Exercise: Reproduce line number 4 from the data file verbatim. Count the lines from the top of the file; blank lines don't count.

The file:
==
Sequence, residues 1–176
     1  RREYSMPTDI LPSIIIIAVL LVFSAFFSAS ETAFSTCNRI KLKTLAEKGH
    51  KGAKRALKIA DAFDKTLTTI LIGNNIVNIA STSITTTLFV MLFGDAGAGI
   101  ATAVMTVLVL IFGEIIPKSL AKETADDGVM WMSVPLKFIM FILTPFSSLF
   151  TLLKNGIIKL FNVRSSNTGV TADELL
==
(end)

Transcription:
   101  ATAVMTVLVL IFGEIIPKSL AKETADDGVM WMSVPLKFIM FILTPFSSLF